Sunday, August 20, 2006

These are the Kind of Posts I Love

If you've been reading the past couple of posts you've read both Bill Martell and myself talking about the DVD market and what it takes to make a successful, sellable movie.

Deep Structure took the time to post this, needing clarification on why there are so many "bad" films clogging the videostore shelves. (I've edited for grammar and clarity)

Both you Bills have mentioned needing "more" to make a low-budget dvdp movie sellable. Either to care more about quality or to bring more style or inventiveness to the work. But if that's true, why is there so much shit out there? Obviously someone is buying (and presumably others are watching), these terrible films. It's like the market doesn't demand quality - there's no Darwinian (n)or capitalistic forces eliminating the bad films from the shelves.
Is it because you guys are dealing with a better section of the d2dvd market? The upper-end vs the ultra-low-budgets? I ask because as a writer/director I feel a value I bring is that I'm good at what I do, and I'm not just in this to make millions. I'd be happy getting paid what I make in my day job to be a full time filmmaker. I care about the material I write and film and work hard on making it the best i can. Innovative, intelligent, exciting - All the qualities I look for in a film.
But I sometimes wonder if offering quality, even if at a budget, matters to this market. In the extras for 'Vampire Sisters,' which I didn't see, but a friend who's a vampire movie fiend did - the director and producer apparently comment that they made the film for like $5k - and they could have spent more, but that the market wouldn't have paid anymore for it and wouldn't care, so why spend the extra money?
It makes me feel that having talent as a filmmaker isn't necessarily a selling point for the d2dvd market. No?
I think you're making my point for me, but let me reply about this by using an analogy that I used in a recent article I wrote:
The DVD Premiere market today is like the pulp magazine market of yesteryear.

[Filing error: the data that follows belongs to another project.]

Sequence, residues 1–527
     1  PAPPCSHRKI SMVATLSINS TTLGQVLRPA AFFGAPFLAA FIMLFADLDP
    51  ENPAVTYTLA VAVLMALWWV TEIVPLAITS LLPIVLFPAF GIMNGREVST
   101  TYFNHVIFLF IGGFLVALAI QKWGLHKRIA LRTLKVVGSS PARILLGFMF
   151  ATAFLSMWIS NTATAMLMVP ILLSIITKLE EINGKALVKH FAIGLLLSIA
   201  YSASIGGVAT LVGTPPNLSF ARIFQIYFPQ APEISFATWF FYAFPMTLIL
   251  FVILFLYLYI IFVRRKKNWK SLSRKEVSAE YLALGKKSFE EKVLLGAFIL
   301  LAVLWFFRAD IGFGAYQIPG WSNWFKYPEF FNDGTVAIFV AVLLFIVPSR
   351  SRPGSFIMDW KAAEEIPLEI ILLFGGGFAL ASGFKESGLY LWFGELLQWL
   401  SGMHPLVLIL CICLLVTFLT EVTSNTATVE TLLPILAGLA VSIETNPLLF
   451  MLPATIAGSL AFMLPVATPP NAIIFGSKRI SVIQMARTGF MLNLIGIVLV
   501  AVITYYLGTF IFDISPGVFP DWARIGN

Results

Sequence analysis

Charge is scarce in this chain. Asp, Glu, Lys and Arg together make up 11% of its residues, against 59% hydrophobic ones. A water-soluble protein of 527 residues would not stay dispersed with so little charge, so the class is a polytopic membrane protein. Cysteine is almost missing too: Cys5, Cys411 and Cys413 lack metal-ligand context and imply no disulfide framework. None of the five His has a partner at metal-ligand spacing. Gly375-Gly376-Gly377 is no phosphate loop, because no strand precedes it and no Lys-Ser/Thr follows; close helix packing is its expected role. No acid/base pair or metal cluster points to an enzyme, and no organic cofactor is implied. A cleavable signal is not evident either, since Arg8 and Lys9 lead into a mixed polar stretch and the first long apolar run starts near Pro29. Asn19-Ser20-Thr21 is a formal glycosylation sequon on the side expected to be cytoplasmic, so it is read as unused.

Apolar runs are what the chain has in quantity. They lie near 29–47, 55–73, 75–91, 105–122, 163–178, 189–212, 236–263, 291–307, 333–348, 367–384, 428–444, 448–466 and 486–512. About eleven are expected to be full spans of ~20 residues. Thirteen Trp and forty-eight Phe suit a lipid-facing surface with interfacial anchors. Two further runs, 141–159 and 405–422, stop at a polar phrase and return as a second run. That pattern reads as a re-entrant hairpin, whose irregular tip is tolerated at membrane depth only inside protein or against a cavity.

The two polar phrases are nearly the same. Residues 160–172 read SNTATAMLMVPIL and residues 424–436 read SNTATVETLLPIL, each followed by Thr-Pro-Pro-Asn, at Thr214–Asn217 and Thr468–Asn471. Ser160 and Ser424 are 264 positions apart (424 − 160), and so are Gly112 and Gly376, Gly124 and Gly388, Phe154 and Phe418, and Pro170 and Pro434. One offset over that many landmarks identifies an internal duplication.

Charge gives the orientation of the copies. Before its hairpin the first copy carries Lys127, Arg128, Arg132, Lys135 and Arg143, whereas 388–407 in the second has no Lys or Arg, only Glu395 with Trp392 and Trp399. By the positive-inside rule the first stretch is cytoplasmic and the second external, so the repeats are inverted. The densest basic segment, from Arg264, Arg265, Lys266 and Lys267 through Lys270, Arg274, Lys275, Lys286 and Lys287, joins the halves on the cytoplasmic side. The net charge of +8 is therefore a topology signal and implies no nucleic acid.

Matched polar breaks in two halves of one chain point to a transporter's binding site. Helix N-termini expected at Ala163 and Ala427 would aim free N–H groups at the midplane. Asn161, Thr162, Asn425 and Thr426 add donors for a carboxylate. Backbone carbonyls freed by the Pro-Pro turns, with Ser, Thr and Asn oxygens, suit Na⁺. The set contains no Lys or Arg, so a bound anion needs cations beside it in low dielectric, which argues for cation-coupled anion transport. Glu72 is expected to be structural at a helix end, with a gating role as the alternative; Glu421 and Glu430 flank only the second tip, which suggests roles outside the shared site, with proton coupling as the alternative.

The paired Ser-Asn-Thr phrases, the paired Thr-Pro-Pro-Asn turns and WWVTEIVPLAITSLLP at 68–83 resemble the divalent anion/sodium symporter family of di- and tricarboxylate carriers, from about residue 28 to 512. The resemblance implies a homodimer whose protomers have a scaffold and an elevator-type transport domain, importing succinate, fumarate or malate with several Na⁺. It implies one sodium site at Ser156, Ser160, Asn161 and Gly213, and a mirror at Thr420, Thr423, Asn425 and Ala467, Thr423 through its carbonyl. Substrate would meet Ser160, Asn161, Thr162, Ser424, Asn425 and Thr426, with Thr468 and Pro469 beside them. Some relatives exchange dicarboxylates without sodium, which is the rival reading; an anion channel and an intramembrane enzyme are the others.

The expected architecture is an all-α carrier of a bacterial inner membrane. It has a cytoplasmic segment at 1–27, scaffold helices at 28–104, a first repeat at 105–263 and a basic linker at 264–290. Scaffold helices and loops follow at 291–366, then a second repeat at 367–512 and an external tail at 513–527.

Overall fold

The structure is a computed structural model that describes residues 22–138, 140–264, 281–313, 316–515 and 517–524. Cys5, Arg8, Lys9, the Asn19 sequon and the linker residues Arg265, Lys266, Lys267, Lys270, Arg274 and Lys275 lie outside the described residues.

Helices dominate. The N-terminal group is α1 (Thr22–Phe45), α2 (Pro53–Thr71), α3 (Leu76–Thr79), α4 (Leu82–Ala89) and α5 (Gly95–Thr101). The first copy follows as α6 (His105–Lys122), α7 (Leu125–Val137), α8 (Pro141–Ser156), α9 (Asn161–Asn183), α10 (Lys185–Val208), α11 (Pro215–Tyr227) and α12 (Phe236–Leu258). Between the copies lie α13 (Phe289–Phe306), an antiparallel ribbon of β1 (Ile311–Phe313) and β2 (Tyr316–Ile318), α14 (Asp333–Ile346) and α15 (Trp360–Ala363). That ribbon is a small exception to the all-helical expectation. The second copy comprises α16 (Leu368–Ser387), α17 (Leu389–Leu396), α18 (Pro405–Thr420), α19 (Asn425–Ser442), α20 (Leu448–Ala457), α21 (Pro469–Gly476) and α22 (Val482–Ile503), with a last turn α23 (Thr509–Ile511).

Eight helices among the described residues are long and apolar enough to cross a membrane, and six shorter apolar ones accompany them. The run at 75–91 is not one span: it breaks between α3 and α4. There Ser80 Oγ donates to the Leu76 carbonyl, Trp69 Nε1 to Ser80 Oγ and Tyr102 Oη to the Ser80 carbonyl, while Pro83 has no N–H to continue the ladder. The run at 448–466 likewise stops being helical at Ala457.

1. It is very marketing driven - designed to be as enticing on the shelf as possible.
2. The product is inexpensively designed, manufactured and delivered.
3. The product feeds a pop culture "machine" on a regular schedule.
4. It is a great training ground for new writers and writers seeking to become directors.
5. It has many levels.
Think back to all of the icons of modern pop culture literature - Tarzan, Philip Marlowe, The Thin Man, The Shadow, Zane Grey's westerns, Doc Savage, Sherlock Holmes, Arsene Lupin, Fantomas and many others... These characters all got their start in cheap publications printed on wood chip flecked paper - and yet they endure even today in reprints and other media. Why? Quality.
Edgar Rice Burroughs started writing to put food on the table. He was 35 with a wife and child and a failure at every business venture he had undertaken. Working with stationary taken from the business he worked at, he wrote the first draft of Tarzan longhand. Then he wrote another book, A Princess of Mars. He cranked them out to save his family, and in the process built an empire (and the city of Tarzana built from the Burroughs Ranch).
His talent as a writer was spinning a great yarn for his audience. That was the quality he put into his craft, and today he is remembered for it.
There are a lot of movies that clog the shelves - that's a given. They are filling a slot on someone's release schedule. Five years from now, "Vampire Sisters" won't be one of them. Not because they didn't spend the money, but because they really didn't care. I haven't heard the commentary myself so my comments are based on what you've written, but I don't think the producers took any pride in the craft of their movie, and offered up the budget as some sort of excuse for its faults.
You have to do your best every time out of the gate - if not for the earning of your paycheck, then for the pride in doing your best work. So spin a great yarn and move on to the next one, taking enough pride in your work to do your best. There are a lot of people who have made and released one movie, but it's the ones with talent, craft, perserverance and savvy that have careers, and keep getting remembered and rewarded.


Gregory Conley said...

How dare you sully the good name of Vampire Sisters!

Bill Cunningham said...

Yeah, it's so damn good even I haven't heard of it...and I'm the guy that has a copy of HOOD OF THE LIVING DEAD.

Gregory Conley said...

It's only the single greatest "Vampire strippers run a website to lure unsuspecting foe into their home" movie ever made.


God only knows how Roger Corman and Troma have managed to stay alive for so long....

Or am I saying something stupid?

Bill Cunningham said...

Yes, but we'll let it go this time...